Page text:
I’m a little late with a post tonight. We spent today spring cleaning, even if our last snow storm was only last week. It was warm, finally, and oh, how I have missed fresh air and a little bit of sun! Now that things are starting to get a bit more orderly around here, maybe we’ll get around to throwing a little party — a soup party, to be exact.
James and I have been obsessed with bouillabaisse ever since we had our first taste, courtesy of a friend of my dad’s. But it took us about a year and a half to get around to making our first pot. And no wonder — it seems like liquid gold to poor grad students, as bouillabaisse is better with a variety of white-fleshed fish and shell fish. But even if you only have a few different kinds of fish, it’s still worth the effort. And it’s a good way to make a scant portion of fish seem extravagant.
This version is adapted from Julia Child’s Mastering the Art of French Cooking, Vol. 2. It’s a bourride, which is a garlicy fish stew, quite like bouillabaisse, but with a pungent aioli to finish things off. Like my dad’s friend, I add habañeros so everyone can adjust the spiciness of their soup to taste.
Recipe after the jump.
Level: Medium, but only in the sense that it takes a bit of time (and a sense of timing, especially with several different types of fish)
Cost: $$. It is fairly expensive, but all seafood is nowadays.
The only fish you cannot put in this is rich, oily fish, like salmon. Otherwise, pickup whatever’s freshest. Add the fleshy fish first. Don’t add the shell fish or shrimp until you’re ready to serve. Once the shellfish open up, you’re good to go.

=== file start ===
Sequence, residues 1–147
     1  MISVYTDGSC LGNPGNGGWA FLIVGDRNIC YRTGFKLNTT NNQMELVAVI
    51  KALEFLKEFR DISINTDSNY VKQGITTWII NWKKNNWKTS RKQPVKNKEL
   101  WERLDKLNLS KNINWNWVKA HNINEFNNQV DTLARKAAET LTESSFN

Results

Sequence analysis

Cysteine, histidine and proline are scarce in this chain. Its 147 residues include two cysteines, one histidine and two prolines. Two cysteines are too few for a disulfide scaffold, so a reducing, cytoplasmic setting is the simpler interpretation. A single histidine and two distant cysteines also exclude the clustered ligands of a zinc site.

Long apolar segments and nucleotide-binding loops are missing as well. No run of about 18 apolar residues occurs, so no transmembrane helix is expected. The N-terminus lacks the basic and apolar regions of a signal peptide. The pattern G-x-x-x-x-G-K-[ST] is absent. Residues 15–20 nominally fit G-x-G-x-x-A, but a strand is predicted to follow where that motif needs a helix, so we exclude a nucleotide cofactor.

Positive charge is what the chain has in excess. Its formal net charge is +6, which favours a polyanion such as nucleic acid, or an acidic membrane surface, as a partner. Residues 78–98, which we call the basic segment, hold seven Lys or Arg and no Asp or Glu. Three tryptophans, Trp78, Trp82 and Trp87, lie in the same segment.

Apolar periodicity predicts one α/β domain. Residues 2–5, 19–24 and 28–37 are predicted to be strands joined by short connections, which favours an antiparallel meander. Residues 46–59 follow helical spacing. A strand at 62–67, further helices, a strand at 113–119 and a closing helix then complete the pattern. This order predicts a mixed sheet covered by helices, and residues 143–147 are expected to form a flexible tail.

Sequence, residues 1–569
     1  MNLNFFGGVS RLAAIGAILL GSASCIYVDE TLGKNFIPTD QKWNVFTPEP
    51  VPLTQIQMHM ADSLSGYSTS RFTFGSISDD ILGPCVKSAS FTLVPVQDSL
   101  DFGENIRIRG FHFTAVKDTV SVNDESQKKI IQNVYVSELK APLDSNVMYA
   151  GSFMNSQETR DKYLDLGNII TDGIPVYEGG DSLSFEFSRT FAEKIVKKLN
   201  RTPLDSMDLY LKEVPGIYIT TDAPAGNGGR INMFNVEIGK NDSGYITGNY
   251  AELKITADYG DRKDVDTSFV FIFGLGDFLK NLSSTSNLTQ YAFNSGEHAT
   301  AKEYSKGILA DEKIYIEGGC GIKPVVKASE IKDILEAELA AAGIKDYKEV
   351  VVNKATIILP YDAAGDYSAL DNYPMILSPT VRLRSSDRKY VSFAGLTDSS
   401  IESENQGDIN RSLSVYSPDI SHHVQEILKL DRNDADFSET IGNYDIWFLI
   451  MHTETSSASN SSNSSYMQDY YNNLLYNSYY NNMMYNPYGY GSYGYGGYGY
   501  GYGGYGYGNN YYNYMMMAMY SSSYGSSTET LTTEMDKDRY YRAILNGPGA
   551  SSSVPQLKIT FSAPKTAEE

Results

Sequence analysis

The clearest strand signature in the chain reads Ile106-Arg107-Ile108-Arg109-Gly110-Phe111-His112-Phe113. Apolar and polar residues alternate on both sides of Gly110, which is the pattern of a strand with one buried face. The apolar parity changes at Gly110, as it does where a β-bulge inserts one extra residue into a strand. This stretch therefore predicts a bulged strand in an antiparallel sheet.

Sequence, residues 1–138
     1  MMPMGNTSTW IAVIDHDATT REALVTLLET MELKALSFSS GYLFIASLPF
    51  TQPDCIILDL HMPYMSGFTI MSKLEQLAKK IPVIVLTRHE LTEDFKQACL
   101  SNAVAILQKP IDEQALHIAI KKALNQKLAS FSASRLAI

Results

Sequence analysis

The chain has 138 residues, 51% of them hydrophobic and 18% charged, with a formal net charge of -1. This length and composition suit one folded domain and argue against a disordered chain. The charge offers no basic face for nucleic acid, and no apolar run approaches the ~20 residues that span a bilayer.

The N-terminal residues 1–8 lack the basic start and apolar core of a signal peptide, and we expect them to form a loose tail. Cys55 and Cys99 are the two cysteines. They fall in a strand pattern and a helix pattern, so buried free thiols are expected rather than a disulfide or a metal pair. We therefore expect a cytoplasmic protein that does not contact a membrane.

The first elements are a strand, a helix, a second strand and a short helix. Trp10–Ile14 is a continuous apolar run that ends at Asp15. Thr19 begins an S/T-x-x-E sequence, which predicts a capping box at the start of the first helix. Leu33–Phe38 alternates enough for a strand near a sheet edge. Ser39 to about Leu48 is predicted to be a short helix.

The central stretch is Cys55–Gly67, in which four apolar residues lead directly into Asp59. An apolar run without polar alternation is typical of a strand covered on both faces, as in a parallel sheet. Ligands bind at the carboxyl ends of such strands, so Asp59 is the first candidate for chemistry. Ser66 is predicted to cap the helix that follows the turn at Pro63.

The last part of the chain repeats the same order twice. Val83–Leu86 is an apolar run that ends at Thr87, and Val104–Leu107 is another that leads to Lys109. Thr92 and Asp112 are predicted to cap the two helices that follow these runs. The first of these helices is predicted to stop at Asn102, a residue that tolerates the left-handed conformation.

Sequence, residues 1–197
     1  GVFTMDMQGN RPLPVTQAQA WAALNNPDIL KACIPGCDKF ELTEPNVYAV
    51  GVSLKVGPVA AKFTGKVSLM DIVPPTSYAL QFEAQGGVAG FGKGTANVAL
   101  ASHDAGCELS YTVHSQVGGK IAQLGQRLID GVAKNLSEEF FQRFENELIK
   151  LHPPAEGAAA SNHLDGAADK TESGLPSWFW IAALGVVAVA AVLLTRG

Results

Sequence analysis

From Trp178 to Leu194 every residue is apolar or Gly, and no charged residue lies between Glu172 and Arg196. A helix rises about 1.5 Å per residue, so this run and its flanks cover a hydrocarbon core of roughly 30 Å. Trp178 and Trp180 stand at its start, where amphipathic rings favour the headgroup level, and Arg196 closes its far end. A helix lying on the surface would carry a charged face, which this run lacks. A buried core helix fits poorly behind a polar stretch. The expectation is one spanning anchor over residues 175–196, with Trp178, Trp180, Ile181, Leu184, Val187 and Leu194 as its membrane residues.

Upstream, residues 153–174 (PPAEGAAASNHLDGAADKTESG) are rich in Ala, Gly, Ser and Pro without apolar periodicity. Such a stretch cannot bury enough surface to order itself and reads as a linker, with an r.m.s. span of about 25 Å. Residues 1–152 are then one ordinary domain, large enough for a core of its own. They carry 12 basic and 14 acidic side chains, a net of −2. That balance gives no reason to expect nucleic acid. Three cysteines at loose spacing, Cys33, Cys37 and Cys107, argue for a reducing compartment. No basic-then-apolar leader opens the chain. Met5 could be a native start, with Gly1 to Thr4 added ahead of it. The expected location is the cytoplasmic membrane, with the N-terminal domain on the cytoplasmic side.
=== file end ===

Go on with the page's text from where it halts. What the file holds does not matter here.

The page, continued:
- 2 lbs assorted fish, shellfish, and shrimp. I used 12 clams, 1/2 lb. shrimp, and maybe 1/2 lb. haddock in this batch.
- 1 onion, sliced
- 3 carrots, sliced
- 2 T. olive oil
- 2 medium tomatoes, chopped, or 1 ~14 oz can diced tomatoes
- 12 oz. clam juice (if you’re not using fresh clams).
- 2 quarts fish or chicken stock, homemade
- 1 c. dry white wine
- 2 bay leaes
- 1/4 t. each of thyme, fennel
- 1/4 t. orange zest
- 2 cloves garlic, peeled
- 1 pinch saffron flowers
- salt, to taste (none if you use clam juice)
If you’re using shrimp, peel and devein them, and return them to the fridge. Reserve the shells — you will want to use these to enrich your stock. Cut the fish up into 1″cubes and refrigerate this as well. If you use whole fish, keep the bones, skin, and heads for the stock.
In a heavy soup pot, heat the olive oil over medium heat. Add the onion and carrot and stir. Cook on low heat for 8 minutes or so. Add the tomatoes, stock, and all remaining ingredients except the fish (including any shrimp shells, bones, and trimming from the fish). Let simmer for 40 minutes, partially covered. Skim off any gray scum from the surface every so often — this is coagulated protein from the fish, and it’s not so pretty).
While you’re waiting, make the aioli (recipe below).
About 15 minutes before you’re ready to serve, drain the stock, reserving only the liquid. Rinse out your soup pot and return the broth to the pot. Place over high heat, check the salt level, bring to a boil, and then add the meaty fish. Turn down to medium, and let cook for 6 minutes or so, until the fish is cooked. Add the shellfish and shrimp. When the shrimp is pink and shellfish are all opened, pour the soup in soup bowls, top with aioli, and serve.
Spicy garlic aioli
- 1 egg yolk
- 3 T. bread crumbs
- 1/2 clove garlic
- cider or wine vinegar (whatever you have that tastes best)
- pinch salt
- 1/2 c. olive oil (approximately)
- 1/2 habañero chili, deseeded and sliced (this will produce a mild heat — add more if you prefer)
In a mortar or small bowl, use a pestle or spoon to smash together the garlic, habañero, bread crumbs, and vinegar. When you have a fine paste, add the egg yolk, mush together until uniform, and then slowly add the olive oil, drop by drop, as you stir (like you were making mayonnaise). When you have a creamy, mayonaisse-like consistency, taste for seasoning, add the salt, and refrigerate until you’re ready to serve. This will keep for a few days.